What is Workplace Noise?
Workplace noise is any noise that occurs in the workplace that can be a source of irritation, distraction, or other health and safety risks to employees. It generally refers to any kind of noise that can be disruptive or harmful to workers in a work environment.
There are many different sources of noise in the workplace ranging from machinery and equipment to co-workers and general outside noise. In many cases, excessive noise can be a part of the job, such as in construction or manufacturing.
Employers are required to take steps to minimize hazardous noise exposure to their employees. There are several health risks associated with noise exposure, including noise-induced hearing loss, damaged hearing, tinnitus and stress.
How is Noise Measured?
Noise in the workplace can be measured using a sound level meter. A sound level meter is an instrument used to measure sound pressure levels in decibels (dB). The most common type of sound level meter is the A-weighted sound level meter, which is used to measure noise levels in dB(A).
A sound level meter is an important tool for anyone who needs to measure sound levels in their workplace, to ensure that noise levels remain below a certain threshold.
Audiometric testing should be available to any worker likely to be regularly exposed to noise exposure limit levels more than the standard set (e.g. 85 dBA).
The audiometric testing scheme should include an initial test soon after a worker commences work, where they are exposed to the hazardous effects of noise. Periodic testing should be scheduled at specified timeframes after that depending on the risk to workers who are exposed.
What is an Acceptable Level of Workplace Noise?
The National Institute for Occupational Safety and Health (NIOSH) recommends that noise not exceed 85 dB(A) for 8 hours to minimize occupational hearing loss. The American Conference of Governmental Industrial Hygienists (ACGIH) has set a threshold limit value (TLV) of 85 dB(A) for 8 hours of continuous or intermittent levels of noise exposure.
Noise is an inevitable part of our lives. Whether it is the sound of traffic on the street or the humming of our air conditioner, we are constantly surrounded by noise.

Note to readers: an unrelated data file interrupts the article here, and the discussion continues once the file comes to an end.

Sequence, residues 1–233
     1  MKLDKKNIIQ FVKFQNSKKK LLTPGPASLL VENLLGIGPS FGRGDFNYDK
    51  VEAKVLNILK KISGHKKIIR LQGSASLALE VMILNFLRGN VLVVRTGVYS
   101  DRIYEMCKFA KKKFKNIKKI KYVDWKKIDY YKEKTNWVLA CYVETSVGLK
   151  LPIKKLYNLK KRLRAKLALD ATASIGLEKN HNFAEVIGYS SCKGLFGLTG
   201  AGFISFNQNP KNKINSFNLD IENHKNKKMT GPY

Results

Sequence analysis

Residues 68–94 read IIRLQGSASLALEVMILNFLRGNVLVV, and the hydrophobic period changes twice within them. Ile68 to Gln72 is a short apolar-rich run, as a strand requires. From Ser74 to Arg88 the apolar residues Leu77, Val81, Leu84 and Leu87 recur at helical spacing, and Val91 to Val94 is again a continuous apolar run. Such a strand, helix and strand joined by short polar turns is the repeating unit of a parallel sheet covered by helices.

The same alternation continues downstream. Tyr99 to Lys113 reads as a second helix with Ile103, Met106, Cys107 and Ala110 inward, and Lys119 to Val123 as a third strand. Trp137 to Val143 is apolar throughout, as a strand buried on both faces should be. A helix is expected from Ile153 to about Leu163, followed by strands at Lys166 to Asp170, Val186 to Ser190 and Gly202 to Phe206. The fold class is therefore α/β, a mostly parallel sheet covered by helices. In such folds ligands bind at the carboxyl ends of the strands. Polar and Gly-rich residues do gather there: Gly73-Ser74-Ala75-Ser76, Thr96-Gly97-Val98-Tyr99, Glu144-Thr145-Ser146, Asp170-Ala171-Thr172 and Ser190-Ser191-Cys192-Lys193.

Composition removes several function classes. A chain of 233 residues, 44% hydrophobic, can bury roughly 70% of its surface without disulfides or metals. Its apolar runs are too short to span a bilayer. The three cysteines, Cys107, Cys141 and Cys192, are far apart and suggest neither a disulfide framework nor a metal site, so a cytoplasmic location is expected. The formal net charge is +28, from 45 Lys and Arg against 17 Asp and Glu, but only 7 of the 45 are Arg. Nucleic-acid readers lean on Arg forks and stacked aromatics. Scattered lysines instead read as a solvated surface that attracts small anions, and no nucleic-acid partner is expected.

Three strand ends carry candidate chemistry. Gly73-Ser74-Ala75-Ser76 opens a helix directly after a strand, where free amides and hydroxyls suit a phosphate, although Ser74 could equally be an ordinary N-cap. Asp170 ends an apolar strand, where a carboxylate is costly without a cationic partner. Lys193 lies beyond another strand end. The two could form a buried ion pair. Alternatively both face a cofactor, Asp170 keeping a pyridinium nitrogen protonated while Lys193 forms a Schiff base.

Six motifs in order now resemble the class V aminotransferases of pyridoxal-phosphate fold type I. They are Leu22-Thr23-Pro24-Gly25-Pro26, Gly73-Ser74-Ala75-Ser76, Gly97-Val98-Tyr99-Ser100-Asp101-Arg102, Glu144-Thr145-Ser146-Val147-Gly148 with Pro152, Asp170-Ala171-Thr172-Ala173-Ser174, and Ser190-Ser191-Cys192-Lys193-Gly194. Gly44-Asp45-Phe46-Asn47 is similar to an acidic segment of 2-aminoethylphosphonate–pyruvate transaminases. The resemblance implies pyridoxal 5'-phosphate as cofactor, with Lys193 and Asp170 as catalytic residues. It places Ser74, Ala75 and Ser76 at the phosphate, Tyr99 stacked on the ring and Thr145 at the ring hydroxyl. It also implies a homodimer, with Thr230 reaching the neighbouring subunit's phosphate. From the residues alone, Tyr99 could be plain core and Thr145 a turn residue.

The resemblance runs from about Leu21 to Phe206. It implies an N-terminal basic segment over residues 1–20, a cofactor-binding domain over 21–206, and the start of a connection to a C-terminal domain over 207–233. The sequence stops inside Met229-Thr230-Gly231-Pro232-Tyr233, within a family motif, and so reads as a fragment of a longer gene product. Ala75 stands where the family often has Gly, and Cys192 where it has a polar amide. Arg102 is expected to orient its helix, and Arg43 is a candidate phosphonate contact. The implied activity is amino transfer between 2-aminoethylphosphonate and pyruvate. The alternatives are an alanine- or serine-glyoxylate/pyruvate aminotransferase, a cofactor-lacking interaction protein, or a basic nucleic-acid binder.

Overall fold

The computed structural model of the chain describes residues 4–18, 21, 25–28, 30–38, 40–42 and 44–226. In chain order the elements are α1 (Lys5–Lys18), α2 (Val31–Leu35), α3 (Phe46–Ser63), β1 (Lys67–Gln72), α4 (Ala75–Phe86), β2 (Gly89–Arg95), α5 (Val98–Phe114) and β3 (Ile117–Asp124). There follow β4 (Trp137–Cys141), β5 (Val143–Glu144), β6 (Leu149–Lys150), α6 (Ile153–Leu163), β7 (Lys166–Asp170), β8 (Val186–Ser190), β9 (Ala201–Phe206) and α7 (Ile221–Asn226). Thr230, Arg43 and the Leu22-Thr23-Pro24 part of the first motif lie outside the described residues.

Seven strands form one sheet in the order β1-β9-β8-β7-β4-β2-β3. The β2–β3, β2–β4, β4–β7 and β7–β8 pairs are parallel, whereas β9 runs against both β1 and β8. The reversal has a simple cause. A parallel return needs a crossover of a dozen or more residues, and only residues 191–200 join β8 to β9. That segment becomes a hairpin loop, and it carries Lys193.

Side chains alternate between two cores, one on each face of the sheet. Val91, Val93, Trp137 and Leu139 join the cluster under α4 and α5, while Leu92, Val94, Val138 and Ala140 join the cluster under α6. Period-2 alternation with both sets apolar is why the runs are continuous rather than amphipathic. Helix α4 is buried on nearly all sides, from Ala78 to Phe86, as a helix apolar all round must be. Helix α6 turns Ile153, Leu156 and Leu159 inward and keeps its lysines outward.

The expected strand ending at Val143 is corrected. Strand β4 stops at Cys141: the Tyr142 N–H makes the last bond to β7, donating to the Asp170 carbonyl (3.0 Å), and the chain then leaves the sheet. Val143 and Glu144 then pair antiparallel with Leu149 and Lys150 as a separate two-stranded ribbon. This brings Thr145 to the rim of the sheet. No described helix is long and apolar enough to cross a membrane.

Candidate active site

Note: the decibel scale is logarithmic, therefore, on the decibel scale an increase of 3dB represents a doubling or twice the sound energy. This means that the length of time a worker can work when exposed to the noise is reduced by half for every 3dB increase in noise level.
How to Control Workplace Noise
Where the noise levels fail to meet the legislative requirements, all practicable action should be taken to control and reduce noise emissions in that work area. Methods of noise control should be prioritized according to the hierarchy of risk control options, for example.
Elimination – removing the hazard or its source from the workplace.
Substitution – swapping to a hazard or noise source resulting in a noise reduction.
Isolation – removing the hazard from the employee or the employee from the hazard.
Engineering controls – physically altering the work environment.
Administrative controls – designing jobs for hearing conservation to reduce noise exposure. Use job rotation to alternate noisy tasks with quiet ones. Restrict access to areas of high noise levels to essential staff only.
Personal protective equipment – hearing protection devices to protect hearing against a loud noise. Work areas where hearing protection (PPE) is required should be clearly sign posted.
Note: the workers who perform the work task should be consulted about occupational noise control measures.
Contents of this Noise Management Procedure
- Scope and Objectives.
- Terms and Definitions.
- Roles and Responsibilities.
- Overview of Excessive Noise.
- The Decibel Scale.
- Noise Hazard Identification.
- Risk Assessment of Noise Data.
- Noise Risk Control.
- Evaluation of Risk.
- Audiometric Testing.
- Surrounding Areas.
- Related Procedures, Forms and Documents.
- Review Criteria.
- Record Management.
Why Choose to Buy this Noise Management Procedure
This 11-page noise management procedure template can provide you with practical guidance on:
- How levels of noise affect hearing.
- How to identify and assess exposure to hazardous noise.
- How to control health and safety risks arising from hazardous noise.
The procedure can help you ensure that all workplace noise is assessed, monitored and controlled and ensure compliance with statutory requirements.
This procedure can be applied to all areas where workers are required to work. The procedure can also be relevant to contractors while completing works on behalf of your business.
After purchasing this template you will be able to:
- Very easily edit and customize the template to create your own procedure.
- Apply your own style, format and brand to the procedure.
- Use it in any industry or sector regardless of the size or type of organization.
Availability and Use of this Noise Management Procedure
- This procedure is accessible to you right now by clicking the ‘Buy Now’ button.
- The procedure will be delivered to you in fully editable Microsoft Word format for immediate and full use in your business.
- There are no subscriptions, contracts or ongoing costs.
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